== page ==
Last week’s elections brought some fresh reminders about the power of money in politics. Dark money spending reached new heights, the super PAC to end super PACs had a bad day at the polls, and the Senate’s foremost foe of campaign finance regulation became its majority leader. But at the state and local level, some voters also acted to limit the power of money in politics.
Voters in Tallahassee, Florida, and in Arkansas passed new rules to regulate campaign contributions. Tallahassee’s referendum will increase the importance of small donations by lowering contribution limits and creating a tax refund for contributions up to $25. Arkansas’ new constitutional amendment will prohibit corporate and labor contributions to candidates.
Both proposals also strengthen the rules around ethical conduct by elected officials. Tallahassee officials are expected to write an ethics code in the coming months, and retiring politicians in Arkansas must now wait two years before becoming lobbyists.
Further north, the elections brought an unexpected win for public financing. Republican Larry Hogan became governor of deep blue Maryland despite being significantly outspent by his opponent. Earlier this year, Hogan distinguished himself as the first candidate in decades to accept public funds, giving him about $2.6 million with which to compete. As his campaign spokesman said this summer, the funds “enable us to mount an aggressive challenge to one-party rule in Maryland," presenting voters with a viable alternative to the big-spending Democrat in the race.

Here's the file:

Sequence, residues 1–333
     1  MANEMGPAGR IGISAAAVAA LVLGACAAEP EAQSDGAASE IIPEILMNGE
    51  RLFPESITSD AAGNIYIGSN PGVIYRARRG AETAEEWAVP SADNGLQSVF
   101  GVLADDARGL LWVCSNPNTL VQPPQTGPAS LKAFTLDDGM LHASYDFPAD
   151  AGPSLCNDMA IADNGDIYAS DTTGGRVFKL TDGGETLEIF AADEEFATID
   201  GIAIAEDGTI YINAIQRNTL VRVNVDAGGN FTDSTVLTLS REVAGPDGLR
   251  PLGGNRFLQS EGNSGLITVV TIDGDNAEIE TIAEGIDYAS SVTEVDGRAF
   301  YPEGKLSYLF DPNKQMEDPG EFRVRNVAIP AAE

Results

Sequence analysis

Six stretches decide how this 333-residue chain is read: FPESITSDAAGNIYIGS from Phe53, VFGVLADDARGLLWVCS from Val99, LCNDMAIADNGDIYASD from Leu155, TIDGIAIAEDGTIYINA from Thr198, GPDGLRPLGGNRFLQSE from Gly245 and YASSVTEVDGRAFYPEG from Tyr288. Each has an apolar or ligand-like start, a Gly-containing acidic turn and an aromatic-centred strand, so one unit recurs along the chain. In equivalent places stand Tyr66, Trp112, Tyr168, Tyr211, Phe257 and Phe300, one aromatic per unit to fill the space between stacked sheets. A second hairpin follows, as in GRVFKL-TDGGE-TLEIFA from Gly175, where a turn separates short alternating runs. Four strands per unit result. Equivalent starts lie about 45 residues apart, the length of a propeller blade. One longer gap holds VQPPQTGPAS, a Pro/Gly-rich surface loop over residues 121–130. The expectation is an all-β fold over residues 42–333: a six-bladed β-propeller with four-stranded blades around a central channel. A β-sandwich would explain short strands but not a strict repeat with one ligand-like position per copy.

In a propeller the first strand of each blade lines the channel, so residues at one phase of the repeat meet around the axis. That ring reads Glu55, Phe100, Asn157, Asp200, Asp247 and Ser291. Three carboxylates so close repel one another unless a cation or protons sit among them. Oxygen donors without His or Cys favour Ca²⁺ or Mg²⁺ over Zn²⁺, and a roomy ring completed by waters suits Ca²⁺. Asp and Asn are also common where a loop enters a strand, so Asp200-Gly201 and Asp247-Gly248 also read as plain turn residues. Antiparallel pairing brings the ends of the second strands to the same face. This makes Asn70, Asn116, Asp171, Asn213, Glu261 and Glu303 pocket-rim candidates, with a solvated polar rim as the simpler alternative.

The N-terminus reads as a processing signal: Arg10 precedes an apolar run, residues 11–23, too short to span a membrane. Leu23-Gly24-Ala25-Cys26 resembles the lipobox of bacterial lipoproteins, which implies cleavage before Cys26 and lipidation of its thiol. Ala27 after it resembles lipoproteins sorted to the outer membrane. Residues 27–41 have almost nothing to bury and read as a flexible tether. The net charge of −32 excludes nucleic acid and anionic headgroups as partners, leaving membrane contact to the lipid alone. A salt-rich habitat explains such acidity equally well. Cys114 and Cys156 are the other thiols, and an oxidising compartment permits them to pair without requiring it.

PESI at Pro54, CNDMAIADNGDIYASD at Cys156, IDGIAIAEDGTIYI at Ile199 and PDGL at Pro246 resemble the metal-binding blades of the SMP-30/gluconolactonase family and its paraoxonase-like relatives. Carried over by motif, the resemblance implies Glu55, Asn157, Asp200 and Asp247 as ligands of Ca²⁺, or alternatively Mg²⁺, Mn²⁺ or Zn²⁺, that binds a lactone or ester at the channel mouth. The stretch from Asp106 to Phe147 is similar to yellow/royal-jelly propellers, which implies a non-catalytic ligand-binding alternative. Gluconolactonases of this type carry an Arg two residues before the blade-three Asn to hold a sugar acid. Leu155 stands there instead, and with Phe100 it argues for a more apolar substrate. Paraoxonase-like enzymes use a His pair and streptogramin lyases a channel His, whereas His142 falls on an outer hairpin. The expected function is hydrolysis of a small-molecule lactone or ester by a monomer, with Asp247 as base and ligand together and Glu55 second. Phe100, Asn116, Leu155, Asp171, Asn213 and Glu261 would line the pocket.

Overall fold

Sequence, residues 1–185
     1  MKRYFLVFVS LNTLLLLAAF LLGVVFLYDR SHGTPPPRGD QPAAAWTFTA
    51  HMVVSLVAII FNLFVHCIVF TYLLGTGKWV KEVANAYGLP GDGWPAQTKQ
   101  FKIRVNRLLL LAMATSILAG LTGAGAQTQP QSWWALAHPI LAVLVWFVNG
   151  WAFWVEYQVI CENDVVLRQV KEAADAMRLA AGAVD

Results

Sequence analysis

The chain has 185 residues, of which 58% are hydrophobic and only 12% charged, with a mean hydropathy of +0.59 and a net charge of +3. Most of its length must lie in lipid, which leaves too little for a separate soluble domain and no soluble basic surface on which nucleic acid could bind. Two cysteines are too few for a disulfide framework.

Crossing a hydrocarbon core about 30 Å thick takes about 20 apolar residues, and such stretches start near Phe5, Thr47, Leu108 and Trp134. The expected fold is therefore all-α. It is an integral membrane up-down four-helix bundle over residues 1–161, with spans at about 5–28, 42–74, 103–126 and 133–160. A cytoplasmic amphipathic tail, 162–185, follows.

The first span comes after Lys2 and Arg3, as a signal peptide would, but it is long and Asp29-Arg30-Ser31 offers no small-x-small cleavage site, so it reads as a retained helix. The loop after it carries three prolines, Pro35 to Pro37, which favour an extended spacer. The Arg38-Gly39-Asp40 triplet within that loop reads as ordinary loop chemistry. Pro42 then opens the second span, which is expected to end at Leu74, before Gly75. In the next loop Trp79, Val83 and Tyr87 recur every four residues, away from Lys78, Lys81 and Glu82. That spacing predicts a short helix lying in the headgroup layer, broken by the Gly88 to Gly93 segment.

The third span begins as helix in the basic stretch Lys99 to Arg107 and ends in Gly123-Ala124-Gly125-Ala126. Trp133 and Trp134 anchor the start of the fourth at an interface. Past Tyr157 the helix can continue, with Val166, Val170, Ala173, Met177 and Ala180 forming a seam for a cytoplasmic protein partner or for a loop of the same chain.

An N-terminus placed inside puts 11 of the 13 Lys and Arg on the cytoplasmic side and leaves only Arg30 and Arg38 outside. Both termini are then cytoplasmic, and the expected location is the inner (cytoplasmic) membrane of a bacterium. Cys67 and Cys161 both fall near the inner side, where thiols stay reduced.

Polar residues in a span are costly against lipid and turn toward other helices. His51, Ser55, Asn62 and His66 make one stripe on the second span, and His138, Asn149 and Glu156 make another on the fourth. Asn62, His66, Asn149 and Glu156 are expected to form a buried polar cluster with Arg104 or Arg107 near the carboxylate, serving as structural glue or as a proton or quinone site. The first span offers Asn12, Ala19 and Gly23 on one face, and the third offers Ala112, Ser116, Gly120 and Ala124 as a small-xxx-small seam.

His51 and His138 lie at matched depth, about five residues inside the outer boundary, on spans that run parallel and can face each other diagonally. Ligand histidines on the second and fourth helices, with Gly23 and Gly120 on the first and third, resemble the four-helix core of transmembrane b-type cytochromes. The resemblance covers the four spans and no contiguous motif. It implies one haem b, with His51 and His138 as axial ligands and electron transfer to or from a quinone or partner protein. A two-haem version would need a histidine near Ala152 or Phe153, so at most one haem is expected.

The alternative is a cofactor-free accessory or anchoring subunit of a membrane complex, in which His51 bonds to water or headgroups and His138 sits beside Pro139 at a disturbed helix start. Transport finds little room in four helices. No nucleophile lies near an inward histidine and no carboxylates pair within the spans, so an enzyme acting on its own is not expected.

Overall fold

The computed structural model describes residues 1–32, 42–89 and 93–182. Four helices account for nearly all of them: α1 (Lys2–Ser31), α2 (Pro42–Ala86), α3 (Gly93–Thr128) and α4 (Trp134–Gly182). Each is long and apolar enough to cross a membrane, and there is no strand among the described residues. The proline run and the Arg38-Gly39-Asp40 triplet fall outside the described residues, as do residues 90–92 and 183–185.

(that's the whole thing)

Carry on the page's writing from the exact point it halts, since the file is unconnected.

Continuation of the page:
Voters also expressed their disapproval of the Supreme Court’s Citizens United decision. Localities in Ohio, Massachusetts, Illinois, Wisconsin, and Florida passed non-binding measures calling on their legislators to support a constitutional amendment that allows for campaign spending regulation. Sixteen state legislatures and more than 500 municipalities have passed similar resolutions.
These results show that despite resistance to campaign finance regulation in Washington, many Americans still favor reforms of the system by which money influences both our elections and our elected officials. Their concerns are registered with changes at the state and local level.
This small ball tactic matches the reality of today’s campaign finance landscape. In recent years, a pattern of deregulation at the federal level has made its way into state and local elections. As the Brennan Center recently showed, the Citizens United decision in particular is affecting low-level races in the states. While the federal government is unwilling or unable to respond to their own deregulatory trend, voters may take it upon themselves to regulate money in politics close to home.